One shot. One kill - JFCC IMD, SMDC support anti-ICBM test
by Jason Cutshaw, U.S. Army Space and Missile Defense Command, Nov 17, 2020
REDSTONE ARSENAL, Alabama – U.S. Army Space and Missile Defense Command and U.S. Strategic Command partners support another test of the nation’s missile defense capabilities.
Team members of the Joint Functional Component Command for Integrated Missile Defense and USASMDC’s Ronald Reagan Ballistic Missile Defense Test Site, Kwajalein Atoll, Republic of the Marshall Islands, worked alongside U.S. Navy ballistic missile defense forces as they intercepted and destroyed a threat-representative intercontinental ballistic missile target with a Standard Missile-3 Block IIA during a flight test demonstration northeast of Hawaii, Nov. 17.
The ICBM-representative target was launched from RTS, and in this developmental test, a U.S. Navy destroyer used engage-on-remote capabilities through the Command and Control Battle Management Communications network as part of a defense of Hawaii scenario. After receiving tracking data through the C2BMC system the USS John Finn, an Aegis Ballistic Missile Defense System-equipped destroyer, launched an SM-3 Block IIA guided missile, which destroyed the target.
During the Flight Test Aegis Weapon System-44, or FTM-44, mission, RTS provided the target launch location; target launch services, such as safety, weather and logistics; and the collection of truth data for determination of system performance.
“This is accomplished through extensive planning and coordination between RTS, the Missile Defense Agency, and numerous other supporting organizations to accurately develop requirements and match those requirements to range capabilities that will meet the customers’ needs,” said Michael W. Butler, chief of RTS Mission Operations Division. “These major missions require assistance from hundreds of supporting personnel to ensure that every detail is attended to, funding is in place, documentation is in order, equipment and instrumentation is fully mission capable, and test personnel are fully trained in critical roles.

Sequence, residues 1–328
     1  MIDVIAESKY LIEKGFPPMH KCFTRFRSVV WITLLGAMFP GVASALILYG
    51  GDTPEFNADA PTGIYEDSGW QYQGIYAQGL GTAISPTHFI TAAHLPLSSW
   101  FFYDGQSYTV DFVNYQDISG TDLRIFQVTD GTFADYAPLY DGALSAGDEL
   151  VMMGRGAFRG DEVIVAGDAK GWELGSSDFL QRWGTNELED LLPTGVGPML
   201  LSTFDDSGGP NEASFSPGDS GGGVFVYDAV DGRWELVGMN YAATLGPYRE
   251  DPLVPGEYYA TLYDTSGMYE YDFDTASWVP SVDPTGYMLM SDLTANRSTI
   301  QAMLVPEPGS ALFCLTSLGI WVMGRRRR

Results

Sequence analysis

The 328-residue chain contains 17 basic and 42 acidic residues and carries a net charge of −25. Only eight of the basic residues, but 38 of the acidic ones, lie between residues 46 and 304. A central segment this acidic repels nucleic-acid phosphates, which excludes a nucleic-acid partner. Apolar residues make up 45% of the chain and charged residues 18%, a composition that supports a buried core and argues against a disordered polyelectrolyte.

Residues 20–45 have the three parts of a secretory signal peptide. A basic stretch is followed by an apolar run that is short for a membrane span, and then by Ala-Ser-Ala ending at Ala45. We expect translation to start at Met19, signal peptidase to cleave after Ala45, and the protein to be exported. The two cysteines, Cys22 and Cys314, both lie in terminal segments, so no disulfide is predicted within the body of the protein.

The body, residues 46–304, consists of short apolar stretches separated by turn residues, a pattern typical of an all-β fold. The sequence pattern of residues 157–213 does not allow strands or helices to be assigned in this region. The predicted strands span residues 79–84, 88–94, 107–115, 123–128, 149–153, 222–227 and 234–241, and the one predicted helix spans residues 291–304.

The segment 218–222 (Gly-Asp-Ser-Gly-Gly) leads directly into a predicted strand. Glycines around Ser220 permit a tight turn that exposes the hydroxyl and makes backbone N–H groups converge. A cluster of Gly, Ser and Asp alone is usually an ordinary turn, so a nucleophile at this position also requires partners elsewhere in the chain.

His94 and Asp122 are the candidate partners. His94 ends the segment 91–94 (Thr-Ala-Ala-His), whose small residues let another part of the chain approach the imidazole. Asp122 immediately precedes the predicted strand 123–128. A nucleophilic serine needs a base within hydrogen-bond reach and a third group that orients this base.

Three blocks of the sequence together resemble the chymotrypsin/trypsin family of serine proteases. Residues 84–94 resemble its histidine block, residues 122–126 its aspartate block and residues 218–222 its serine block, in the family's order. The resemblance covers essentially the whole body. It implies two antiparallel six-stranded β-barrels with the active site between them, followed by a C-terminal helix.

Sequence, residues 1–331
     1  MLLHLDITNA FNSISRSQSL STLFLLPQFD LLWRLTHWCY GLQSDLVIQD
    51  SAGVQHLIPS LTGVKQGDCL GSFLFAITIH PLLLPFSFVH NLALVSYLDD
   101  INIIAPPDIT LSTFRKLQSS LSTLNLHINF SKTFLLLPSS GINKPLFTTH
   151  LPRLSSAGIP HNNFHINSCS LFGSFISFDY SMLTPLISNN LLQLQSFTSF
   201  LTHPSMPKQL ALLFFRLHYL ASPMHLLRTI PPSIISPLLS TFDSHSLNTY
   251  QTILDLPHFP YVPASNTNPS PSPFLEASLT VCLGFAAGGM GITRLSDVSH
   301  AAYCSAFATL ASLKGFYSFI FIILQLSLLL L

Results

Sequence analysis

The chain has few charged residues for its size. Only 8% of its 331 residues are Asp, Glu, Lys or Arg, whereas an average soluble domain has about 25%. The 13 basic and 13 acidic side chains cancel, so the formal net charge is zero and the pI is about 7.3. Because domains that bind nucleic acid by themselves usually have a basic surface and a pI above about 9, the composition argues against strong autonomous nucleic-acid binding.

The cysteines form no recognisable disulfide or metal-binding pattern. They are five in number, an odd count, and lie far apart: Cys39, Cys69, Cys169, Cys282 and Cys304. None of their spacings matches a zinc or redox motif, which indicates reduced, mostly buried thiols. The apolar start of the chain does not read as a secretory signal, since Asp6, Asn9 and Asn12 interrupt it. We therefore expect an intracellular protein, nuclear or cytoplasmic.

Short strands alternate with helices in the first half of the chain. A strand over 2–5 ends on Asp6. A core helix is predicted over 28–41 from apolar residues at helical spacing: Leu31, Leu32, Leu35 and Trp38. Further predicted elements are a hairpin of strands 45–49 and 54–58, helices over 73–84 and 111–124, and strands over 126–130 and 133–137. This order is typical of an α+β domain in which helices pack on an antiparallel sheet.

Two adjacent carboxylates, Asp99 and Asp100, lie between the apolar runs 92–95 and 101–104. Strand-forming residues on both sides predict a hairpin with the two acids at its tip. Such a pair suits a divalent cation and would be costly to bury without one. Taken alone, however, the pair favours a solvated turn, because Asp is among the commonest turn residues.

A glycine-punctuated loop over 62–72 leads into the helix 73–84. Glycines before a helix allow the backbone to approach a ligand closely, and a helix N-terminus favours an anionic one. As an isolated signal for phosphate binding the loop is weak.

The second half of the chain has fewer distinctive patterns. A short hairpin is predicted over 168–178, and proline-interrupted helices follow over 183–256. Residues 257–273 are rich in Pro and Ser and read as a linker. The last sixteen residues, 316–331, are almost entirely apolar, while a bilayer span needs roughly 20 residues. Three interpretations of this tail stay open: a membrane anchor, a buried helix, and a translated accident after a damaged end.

“RTS is honored to be part of these test events - to team with the Missile Defense Agency with unity of purpose,” Butler added. “It’s a truly remarkable and gratifying feat when you consider the number of individual people, from multiple organizations, bringing together required and diverse skills and abilities, all working toward the singular purpose of accomplishing a safe and successful mission.”
Based on preliminary data, the test met its primary objective: to demonstrate the ability for the SM-3 Block IIA missile to intercept an ICBM target. Program officials will continue to evaluate system performance based upon telemetry and other data obtained during the test.
During these tests, the role of JFCC IMD’s Capability and Resource Integration Directorate, known as the J-8, is to advocate on behalf of the warfighter to ensure ballistic missile defense system capabilities coming from MDA are tested in an operationally realistic manner before being delivered to the warfighter. The J-8 coordinates testing requirements and objectives with the various services, MDA and the developmental and operational test community.